A Wearing Subject

This enemy of accurate measurement is a common source of error, but it can be conquered.

Columns From: 8/19/2013 Modern Machine Shop,

Editor's Commentary

From the monthly column: Quality Gaging Tips

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George Schuetz

While it is not the best practice, some users may not have a master disc to set the gage zero setting, but use a gage block instead. Since the gage block sits on the anvil flat and the part may sit in the worn hollow section of the anvil, bias is introduced and errors are seen.

One of the great characteristics of mechanical comparative gages is that they can last for decades out on the shop floor. Clean them up a little, wipe off the crud, and they’re good to go for another calibration cycle. But beware! One of the enemies of measurement is at work here trying to steal your gage’s performance and influence its readings. 

This enemy is known as wear. For older gages, wear is probably one of the most common sources of error, and it is also the one that seems to get ignored the most. Wear is always present, though it may appear in different ways. It does not often cause catastrophic error, but may eventually contribute to it. Nor is it like the enemy looseness, which shows itself as inconsistent readings and may be attributed to wear. Wear is a slow-moving enemy that, over time, tends to show up in two areas: in the pivots, bushings and plungers that transfer the part displacement; and in those areas that touch the part, the anvils and contact points. The latter is the most influential in terms of causing the gage to have a bias in its readings and offering the wrong part size for the user.

Wear and dirt seem to go hand in hand. Dirt causes wear almost like a lapping material is purposely used to finish a part. So obviously, one way to control wear error is to keep the gage and part as clean as possible. However, even with the cleanest part and contacts, the simple rubbing together of their surfaces will cause eventual wear on the contacts of the gaging.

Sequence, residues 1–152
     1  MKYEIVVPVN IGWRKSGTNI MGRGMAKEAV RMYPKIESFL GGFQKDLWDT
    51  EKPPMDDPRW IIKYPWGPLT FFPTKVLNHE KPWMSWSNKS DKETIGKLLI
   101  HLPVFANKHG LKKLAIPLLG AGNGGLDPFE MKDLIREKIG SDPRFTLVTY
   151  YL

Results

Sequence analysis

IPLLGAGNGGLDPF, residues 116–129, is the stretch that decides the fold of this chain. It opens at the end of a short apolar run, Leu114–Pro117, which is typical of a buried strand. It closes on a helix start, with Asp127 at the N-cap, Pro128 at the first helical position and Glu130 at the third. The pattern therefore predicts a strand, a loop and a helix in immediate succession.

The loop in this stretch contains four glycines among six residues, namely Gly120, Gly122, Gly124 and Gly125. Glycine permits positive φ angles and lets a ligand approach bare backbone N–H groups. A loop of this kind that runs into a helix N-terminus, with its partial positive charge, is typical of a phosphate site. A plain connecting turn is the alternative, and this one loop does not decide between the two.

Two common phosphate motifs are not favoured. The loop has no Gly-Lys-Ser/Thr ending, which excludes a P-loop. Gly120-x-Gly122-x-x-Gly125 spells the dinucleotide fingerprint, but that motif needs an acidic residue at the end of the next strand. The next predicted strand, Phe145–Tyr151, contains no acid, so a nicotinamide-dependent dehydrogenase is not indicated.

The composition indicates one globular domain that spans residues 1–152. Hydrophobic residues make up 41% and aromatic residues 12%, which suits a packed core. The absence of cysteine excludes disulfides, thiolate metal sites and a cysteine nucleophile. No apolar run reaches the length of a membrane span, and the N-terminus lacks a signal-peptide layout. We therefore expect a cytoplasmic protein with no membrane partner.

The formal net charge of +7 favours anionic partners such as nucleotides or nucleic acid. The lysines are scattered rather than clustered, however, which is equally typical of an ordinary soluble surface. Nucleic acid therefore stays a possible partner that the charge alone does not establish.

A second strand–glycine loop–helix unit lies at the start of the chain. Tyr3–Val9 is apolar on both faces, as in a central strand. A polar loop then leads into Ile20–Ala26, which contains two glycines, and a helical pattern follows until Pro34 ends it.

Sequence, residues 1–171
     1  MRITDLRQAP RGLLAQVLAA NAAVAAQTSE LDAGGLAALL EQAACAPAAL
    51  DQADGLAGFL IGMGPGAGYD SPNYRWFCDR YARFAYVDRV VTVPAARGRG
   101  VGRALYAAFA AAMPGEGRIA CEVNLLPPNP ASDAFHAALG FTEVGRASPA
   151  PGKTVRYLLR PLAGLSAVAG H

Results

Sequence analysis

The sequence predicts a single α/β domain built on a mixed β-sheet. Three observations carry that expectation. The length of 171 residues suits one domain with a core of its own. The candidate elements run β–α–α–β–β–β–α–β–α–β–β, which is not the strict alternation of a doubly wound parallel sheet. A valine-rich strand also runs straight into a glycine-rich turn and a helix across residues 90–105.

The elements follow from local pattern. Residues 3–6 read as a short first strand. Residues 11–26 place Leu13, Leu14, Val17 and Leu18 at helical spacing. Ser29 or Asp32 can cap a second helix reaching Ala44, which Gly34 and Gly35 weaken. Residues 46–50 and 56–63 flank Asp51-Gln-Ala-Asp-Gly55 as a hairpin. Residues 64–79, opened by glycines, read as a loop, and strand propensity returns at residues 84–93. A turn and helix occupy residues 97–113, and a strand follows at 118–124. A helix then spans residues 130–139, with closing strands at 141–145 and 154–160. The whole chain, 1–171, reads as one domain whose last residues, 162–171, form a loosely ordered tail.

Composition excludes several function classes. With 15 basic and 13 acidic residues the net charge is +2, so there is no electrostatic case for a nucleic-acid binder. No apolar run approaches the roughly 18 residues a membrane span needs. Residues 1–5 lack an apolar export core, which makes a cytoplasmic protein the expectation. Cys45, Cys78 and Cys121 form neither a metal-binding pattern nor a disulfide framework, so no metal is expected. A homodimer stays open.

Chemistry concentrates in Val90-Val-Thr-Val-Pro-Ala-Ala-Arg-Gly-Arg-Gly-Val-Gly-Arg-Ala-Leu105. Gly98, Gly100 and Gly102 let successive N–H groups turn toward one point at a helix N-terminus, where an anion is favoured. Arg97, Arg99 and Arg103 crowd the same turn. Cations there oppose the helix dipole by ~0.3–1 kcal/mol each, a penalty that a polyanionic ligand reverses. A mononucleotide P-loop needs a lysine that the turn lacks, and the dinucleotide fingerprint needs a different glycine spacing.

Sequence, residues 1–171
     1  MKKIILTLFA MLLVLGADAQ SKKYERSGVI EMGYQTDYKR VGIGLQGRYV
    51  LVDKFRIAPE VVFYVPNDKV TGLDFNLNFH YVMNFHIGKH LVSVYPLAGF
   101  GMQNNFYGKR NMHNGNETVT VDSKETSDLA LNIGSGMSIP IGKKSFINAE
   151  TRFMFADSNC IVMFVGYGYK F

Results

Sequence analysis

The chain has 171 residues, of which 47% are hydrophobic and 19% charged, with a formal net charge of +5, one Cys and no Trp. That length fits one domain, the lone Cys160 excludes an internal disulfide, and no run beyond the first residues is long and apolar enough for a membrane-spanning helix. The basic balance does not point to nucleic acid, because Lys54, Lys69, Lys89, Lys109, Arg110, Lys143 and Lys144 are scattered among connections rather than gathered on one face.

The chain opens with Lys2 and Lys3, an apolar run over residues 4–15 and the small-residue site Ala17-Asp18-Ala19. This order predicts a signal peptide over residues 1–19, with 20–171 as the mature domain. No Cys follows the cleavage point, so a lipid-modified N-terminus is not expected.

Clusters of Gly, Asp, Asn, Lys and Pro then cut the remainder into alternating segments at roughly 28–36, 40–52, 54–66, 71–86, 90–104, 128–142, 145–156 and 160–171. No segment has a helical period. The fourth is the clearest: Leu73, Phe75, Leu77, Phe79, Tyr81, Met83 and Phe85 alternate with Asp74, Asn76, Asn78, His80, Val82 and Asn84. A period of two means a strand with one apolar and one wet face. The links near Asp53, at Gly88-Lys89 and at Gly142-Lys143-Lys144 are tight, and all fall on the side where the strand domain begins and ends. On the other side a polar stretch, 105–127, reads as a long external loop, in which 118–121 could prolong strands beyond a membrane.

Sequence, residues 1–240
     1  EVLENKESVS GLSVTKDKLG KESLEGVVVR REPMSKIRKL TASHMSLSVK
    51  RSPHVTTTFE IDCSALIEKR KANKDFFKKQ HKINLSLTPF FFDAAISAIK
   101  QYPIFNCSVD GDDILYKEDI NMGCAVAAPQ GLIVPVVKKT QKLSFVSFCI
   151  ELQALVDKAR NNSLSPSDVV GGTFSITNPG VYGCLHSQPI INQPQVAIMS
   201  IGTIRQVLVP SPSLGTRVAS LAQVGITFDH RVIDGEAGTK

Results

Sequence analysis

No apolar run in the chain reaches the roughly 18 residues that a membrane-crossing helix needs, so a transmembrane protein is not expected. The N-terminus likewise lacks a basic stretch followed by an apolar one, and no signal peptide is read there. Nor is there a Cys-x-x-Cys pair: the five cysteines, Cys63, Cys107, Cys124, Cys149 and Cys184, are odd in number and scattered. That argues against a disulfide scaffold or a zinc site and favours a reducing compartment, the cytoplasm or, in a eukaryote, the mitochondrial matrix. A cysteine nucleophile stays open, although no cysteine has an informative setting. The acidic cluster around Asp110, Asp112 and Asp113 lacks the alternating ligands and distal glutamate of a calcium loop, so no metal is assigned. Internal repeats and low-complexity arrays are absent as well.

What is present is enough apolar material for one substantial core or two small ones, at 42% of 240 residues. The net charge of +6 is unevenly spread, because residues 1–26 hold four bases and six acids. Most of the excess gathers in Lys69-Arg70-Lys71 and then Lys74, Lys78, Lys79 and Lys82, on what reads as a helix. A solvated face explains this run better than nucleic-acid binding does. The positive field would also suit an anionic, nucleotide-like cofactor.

Let’s look at a snap gage application in which the snap gage is measuring a shaft diameter. After thousands of parts are placed between the anvils of the gage and rotated to measure for diameter variation, there is a very good chance that hollowed out areas will start to show on both the top and bottom anvils. This can cause two issues. When the snap gage is adjusted to a slightly larger or smaller size, the anvils may not sit on the maximum diameter any longer, but rather partway up on the hollow in the anvil. Thus, an offset in size is created. Or—while not the best practice—some users may not have a master disc to set the gage zero setting, but use a gage block instead. Since the gage block sits on the anvil flat and the part may sit in the worn hollow section of the anvil, bias is introduced and errors are seen.

A similar example of a wearing influence would be that of a round contact measuring against a flat anvil. This would be a typical wall thickness application. As the spherical contact eventually wears flat, the contact no longer measures the minimum thickness. Rather, it starts to read a chord on the part relative to the outside diameter, and a larger thickness reading is recorded.

Besides cleaning the measuring surfaces, what else can be done to reduce wear? Using contacts made of different materials can help. Most often, hardened tool steel is the material of choice for wear areas. But alternatives like sapphire, chrome or tungsten carbide have great wear resistance. The only concern here is to be sure that the new materials don’t react poorly with the part and cause scratching. 

With wear creeping in like this, the question arises as to how often the gage should be checked for wear? This is a rather difficult question. There are many influences—the material of the parts, the number of parts measured, the gaging pressure, whether the part is rotated, etc. But as is always the case, a little effort and good recordkeeping will dictate what the wear patterns may be and how often the gages need a wearing inspection.

Finally, what is allowable wear? Again, knowing the situation makes all the difference. If the gages are designed for millionth measurement, then no wear can be afforded. Replacements must be made at the first sign of influence. When large tolerances are being measured, however, it is not that critical. Typically, 5 percent of part tolerance may be allowed for wear.

The thing to remember is that when using any gage, think of wear as an enemy, one that is always trying to steal an extra micron. Set your sights on theft prevention and stop wear before it happens.

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